Podsanity


Digging Heroes
January 31, 2007, 12:24 pm
Filed under: Heroes, mulitmedia, NBC, TV

I am really enjoying the Heroes experience; not just the show, which has an X-files meets comic books feel, but also the online experience which NBC is handling really well. Don’t know who the media agency is that they are using, but they are doing a masterful job of text messaging engagement, interviews, supplemental creative in multiple media, and on, and on, and on…If you like the show and haven’t gone to the website you must check it out now….

and submit a job application to Primatech…simple but cool stuff



IR/PR Professionals and new media
October 13, 2006, 1:28 pm
Filed under: media, podcasting, Podcasts, TV, Videocasts

Had the opportunity to join a panel moderated by Dana Gardner of Interarbor Solutions on the topic of RSS, and new media for an audience comprised primarily of PR and IR professionals. It is still surprising how much disparity there is between the PR professionals who have embraced new media and the laggards. Sure, I get the cultural issues of a profession that is built around language and people skills colliding with technology. And, yes, I understand that there is resistance in some circles to adopt technologies that seem to hand control of information flow over to the consumer,….but your not going to stop the transition. The traditional media outlets are losing viewers or subscribers at alarming rates, and consumers are becoming more technically savvy by the day. The technology is also becoming more approachable by the day, so blogs, RSS feeds and news readers are becoming more mainstream tools instead of serious information consumers….

Do communications professionals still need to use other vehicles to reach less tech savvy audiences? Of course, absolutely, but when 31% of the internet connected audience is using RSS, there’s an enormous opportunity missed if you can’t master the technology to get your message out through this new information channel. When every iPod toting business woman, can listen to their news and entertainment in a podcast or portable movie, you have just lost a meaningful vehicle if you can’t get on board.

One audience member commented “…but my audience wants to read a couple of paragraphs in a press release…” (rather than get their information through a podcast). If you’re sure that’s the only way that your audience wants to get its information, stay the course….

Many, many communications professionals have continued to evolve and have become new media mavens, but the disparity from earliest adopted to stubbornest luddite is remarkable.



Culture of Participation
September 26, 2006, 3:48 pm
Filed under: media, radio, TV

When does the culture of participation go too far?
We have all experienced participatory entertainment (American Idol, etc.) and participatory journalism (all the fine and not so fine blogs out there…), hey we even have particpatory heckling on such fine institutions as WEEI radio’s Whiner Line and its like, but does every supposed news program really need to have audience participation? If we are going to invite listeners to call in or send e-mail on almost every news program of note, how much news goes uncovered. This all started (my elders may correct me if I’m not going back far enough) with 60 Minutes, which in its earliest days began reading comments and questions from its viewers…. this stuff is not news people! Of course the institution should rightfully be credited to a much older media,…periodicals and newspapers where letters to the editor allow the ultimate form of audience participations…one which can also be ignored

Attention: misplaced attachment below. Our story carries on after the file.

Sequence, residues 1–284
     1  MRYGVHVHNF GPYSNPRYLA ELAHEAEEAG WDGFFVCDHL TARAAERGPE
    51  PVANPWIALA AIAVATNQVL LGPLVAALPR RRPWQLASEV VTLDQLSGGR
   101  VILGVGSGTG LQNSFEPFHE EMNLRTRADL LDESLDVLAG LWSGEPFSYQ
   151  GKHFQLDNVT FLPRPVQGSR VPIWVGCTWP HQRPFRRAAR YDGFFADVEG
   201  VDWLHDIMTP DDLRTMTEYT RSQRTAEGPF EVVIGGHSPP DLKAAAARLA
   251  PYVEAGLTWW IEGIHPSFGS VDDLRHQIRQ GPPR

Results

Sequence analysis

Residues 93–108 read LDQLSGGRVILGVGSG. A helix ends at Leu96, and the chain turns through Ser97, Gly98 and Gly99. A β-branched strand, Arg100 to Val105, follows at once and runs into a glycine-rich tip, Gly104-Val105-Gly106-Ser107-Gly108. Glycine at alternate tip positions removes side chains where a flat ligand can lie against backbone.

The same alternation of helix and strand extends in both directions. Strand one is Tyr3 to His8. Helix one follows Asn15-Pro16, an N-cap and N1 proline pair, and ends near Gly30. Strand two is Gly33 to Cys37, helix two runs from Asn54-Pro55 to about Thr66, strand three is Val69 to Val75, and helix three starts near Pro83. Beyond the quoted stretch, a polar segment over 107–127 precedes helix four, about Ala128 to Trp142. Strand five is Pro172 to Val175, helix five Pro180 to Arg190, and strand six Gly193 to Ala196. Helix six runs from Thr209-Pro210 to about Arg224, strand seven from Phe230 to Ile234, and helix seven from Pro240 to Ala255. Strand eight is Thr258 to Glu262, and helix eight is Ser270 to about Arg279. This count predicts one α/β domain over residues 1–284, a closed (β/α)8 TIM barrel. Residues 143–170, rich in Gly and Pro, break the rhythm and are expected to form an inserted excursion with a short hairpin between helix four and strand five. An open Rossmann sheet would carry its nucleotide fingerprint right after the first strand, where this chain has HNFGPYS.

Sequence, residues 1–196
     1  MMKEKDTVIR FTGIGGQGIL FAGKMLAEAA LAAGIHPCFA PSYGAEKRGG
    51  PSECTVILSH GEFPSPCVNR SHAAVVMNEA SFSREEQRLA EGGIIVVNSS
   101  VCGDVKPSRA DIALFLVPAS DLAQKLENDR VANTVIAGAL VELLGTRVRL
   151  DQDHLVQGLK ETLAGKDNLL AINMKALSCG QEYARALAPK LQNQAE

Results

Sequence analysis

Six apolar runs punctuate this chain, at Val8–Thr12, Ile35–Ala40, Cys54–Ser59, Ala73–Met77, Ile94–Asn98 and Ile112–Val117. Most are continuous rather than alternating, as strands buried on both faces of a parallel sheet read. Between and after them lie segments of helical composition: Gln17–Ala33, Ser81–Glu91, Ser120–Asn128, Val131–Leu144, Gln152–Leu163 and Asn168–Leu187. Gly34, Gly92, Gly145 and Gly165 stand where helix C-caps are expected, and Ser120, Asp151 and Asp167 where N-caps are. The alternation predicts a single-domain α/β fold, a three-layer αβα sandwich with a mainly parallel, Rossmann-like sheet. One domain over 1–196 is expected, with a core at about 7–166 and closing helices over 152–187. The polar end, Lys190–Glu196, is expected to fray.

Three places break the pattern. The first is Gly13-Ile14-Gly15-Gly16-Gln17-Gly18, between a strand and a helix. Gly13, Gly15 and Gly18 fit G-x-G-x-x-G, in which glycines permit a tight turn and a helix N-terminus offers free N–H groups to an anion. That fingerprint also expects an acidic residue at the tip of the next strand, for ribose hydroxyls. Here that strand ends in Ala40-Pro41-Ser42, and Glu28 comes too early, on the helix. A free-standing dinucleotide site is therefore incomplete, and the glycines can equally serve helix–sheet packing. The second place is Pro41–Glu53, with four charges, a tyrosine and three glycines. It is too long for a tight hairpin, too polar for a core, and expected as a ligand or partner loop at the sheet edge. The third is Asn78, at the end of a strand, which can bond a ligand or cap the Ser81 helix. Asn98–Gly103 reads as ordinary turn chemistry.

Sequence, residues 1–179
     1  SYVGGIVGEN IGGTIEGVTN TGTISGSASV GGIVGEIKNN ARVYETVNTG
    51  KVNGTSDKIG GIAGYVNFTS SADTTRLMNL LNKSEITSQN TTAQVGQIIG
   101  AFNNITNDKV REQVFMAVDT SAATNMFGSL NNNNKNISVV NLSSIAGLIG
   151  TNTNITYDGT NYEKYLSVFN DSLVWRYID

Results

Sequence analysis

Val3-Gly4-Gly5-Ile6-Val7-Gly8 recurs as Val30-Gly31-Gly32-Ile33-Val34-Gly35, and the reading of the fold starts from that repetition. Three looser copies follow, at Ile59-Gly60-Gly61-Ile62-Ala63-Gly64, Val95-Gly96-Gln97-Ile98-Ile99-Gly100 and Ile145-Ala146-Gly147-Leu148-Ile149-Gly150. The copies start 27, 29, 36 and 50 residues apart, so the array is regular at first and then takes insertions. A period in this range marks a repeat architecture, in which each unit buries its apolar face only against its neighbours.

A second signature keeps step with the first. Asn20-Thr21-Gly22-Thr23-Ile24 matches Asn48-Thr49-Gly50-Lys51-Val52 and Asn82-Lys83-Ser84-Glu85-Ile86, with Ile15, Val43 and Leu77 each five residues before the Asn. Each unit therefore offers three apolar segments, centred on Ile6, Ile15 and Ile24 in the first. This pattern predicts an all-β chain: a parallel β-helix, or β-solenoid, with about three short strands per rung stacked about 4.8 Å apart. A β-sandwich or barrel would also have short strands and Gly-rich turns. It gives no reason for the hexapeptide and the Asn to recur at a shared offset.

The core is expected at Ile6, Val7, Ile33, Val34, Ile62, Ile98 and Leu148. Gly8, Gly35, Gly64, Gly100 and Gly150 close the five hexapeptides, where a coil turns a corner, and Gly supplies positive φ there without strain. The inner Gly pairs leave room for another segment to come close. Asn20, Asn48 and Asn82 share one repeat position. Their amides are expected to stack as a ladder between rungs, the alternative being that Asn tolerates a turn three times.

I don’t want to spend 30 seconds much less the 5 minutes or more some “news” programs devote to listener/viewer participation. Mainstream media is increadingly incorporating viewer participation into its programs to emulate the qualities of blogs and other citizen media, but TV and Radio are simply not structured for it…you can’t escape when some idiot rants for 3 minutes about his own ignorance. The result is increasingly irritating mainstream news programming, instead of compelling content.

TV and radio producers – stick to your media’s strengths. Provide high quality journalism. Do your homework. Don’t invite every opionated windbag to fill programming for you with little or no editorial control. The beauty of blogs and especially the comments sections of great blogs is simple; the audience controls the flow. Viewer/listener participation in mainstream TV/Radio has the opposite effect, the listener is powerless…except to change the channel. Enough call-in segments already.

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